The official video for Bantu’s ‘Waiting’ featuring Nneka is out. The two did the song for the movie ‘Relentless’ where Nneka also makes her acting debut.
Written and directed by Nigeria’s Andy Amadi Okoroafor, Relentless is “a haunting story about loneliness, love and self-discovery that explores Africa’s throbbing megacity Lagos, and the effects of war and loss.
Obi, an orphan brought up by the military, becomes a peace-keeping soldier in worn torn Sierra Leone. He meets Blessing a Sierra Leonean woman and falls in love for the first time. His world and life are devastated when he finds Blessing mutilated by kid soldiers and rebels. His only option is to kill her misery.
On his return to Lagos after the war, he is an emotional autiste, sleepless and lonely. By day he runs a small security company with Ola his best friend and fellow war veteran, at night he walks the lonely streets of Lagos haunted by his past.
In one of his midnight walks, Honey, a runaway university student and high-class call girl falls into his arms, thrown down from a bridge to die by one of her clients. Obi is thrust back into reality as he once again is carrying a woman in his arms, another victim of violence, another life to save or let die.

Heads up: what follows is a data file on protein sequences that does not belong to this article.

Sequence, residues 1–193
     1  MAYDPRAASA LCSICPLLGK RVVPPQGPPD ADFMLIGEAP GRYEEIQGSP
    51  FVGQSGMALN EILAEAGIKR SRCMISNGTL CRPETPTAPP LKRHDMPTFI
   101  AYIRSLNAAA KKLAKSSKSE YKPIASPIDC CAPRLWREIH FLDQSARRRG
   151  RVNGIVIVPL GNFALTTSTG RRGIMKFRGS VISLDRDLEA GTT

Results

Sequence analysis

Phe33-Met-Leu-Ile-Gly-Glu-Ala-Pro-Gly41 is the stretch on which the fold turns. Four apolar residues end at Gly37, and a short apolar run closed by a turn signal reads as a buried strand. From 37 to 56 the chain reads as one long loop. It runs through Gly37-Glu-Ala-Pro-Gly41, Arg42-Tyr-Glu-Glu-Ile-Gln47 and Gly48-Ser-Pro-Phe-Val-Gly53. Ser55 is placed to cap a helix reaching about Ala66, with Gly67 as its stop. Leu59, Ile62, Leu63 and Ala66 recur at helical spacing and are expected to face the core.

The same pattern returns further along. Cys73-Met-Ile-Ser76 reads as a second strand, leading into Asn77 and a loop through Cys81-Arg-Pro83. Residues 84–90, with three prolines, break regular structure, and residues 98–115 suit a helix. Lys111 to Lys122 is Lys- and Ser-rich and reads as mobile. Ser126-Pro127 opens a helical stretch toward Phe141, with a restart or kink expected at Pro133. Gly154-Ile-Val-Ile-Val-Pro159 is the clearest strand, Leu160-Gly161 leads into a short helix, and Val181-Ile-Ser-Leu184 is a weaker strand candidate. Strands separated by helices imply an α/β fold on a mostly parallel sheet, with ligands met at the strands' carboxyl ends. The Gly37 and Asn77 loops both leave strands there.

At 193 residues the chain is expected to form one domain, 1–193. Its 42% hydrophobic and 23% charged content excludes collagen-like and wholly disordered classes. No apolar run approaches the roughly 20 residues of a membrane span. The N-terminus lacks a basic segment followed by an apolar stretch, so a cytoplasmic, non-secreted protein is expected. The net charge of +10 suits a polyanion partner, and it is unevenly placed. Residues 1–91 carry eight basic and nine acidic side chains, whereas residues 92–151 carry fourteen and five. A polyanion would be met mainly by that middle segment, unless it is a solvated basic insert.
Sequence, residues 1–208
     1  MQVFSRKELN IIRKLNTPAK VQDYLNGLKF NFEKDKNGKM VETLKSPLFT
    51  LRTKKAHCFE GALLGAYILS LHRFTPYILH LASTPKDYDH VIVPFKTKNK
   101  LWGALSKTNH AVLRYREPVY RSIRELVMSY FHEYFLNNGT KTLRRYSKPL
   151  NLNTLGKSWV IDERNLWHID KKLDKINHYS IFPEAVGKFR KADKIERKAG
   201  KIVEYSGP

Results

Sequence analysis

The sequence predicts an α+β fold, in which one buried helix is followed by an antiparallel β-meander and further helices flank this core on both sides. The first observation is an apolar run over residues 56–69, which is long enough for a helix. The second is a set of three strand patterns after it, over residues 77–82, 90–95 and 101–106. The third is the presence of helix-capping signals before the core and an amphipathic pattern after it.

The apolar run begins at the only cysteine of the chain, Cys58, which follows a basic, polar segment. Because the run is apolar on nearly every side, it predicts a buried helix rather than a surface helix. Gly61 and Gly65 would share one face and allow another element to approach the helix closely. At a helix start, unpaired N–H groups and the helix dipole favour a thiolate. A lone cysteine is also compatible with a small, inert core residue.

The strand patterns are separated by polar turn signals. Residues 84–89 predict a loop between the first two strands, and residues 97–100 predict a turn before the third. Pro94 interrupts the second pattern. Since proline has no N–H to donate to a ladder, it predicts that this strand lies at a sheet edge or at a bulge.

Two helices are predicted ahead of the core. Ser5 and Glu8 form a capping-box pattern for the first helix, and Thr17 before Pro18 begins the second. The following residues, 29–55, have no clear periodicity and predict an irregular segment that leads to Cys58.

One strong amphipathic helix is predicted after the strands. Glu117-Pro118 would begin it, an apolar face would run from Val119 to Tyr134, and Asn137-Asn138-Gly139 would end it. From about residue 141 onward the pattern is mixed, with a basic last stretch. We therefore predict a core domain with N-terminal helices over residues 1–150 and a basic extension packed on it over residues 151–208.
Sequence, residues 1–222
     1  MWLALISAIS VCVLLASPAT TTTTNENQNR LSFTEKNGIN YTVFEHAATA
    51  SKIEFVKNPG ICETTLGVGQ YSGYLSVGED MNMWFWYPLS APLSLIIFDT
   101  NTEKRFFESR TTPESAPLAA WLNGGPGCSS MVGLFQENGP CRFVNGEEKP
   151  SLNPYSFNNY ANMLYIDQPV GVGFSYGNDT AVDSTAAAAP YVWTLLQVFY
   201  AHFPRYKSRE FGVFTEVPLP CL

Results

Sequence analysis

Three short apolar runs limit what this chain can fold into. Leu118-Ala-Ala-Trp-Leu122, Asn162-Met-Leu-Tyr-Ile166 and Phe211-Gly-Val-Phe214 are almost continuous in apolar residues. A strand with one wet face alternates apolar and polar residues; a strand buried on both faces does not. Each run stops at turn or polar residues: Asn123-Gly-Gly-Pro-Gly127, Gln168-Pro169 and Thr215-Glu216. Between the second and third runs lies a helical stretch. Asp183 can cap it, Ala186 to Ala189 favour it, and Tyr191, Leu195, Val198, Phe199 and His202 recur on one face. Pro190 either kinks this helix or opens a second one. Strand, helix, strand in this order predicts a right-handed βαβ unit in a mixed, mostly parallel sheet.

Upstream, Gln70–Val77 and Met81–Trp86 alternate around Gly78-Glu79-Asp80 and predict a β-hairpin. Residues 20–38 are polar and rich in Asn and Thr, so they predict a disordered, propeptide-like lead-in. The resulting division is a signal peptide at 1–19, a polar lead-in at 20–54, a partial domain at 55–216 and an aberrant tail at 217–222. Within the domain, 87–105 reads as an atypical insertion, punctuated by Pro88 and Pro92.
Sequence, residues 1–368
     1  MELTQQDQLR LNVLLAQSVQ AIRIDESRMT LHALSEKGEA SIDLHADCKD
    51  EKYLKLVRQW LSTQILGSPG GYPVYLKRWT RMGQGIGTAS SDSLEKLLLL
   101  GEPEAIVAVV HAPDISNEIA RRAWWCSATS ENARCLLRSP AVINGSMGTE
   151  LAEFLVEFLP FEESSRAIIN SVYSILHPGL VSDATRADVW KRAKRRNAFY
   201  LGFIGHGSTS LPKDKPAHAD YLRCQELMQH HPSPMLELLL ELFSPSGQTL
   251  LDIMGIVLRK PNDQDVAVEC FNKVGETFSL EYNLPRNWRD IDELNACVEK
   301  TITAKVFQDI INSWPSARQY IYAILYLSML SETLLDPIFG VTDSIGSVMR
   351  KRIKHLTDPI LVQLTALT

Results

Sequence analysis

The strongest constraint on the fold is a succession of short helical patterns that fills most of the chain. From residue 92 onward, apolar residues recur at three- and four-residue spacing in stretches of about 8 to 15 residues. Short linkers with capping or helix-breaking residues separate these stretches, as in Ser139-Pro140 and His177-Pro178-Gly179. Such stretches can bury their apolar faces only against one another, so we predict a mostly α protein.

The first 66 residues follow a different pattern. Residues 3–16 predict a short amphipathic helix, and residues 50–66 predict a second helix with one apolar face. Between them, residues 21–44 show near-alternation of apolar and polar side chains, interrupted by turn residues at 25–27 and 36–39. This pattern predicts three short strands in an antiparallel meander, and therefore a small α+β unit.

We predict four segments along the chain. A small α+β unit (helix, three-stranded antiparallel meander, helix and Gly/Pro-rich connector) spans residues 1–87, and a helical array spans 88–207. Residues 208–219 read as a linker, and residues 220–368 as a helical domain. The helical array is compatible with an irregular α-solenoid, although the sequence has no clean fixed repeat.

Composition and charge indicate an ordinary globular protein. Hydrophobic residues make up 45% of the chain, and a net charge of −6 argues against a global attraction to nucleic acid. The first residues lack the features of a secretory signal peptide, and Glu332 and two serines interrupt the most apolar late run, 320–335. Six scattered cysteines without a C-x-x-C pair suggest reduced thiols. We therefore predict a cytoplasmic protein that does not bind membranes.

But Honey is alive and enters Obi’s world, opening up his mind again to feelings and emotions, but also ultimately leading him into committing another murder.
Itís election time in Nigeria and a powerful politician claiming to be a friend to Obi’s late father hands Obi’s firm a lucrative contract to provide security for his candidate.
Obi and Honey, both in personal exile and struggling to get a hold on their lives are thrust into action as a course of events draws them together in the relentless and brooding city that is Lagos today. As Obi comes to terms with his life and reality, he embarks on a journey of redemption and self re-discovery. . . The film explores the vast canvas that is Lagos today ‚ powerful, dangerous, alive and uncompromising; fraught with deceptions and corruption yet thriving with hope, strength and resilience. . . ”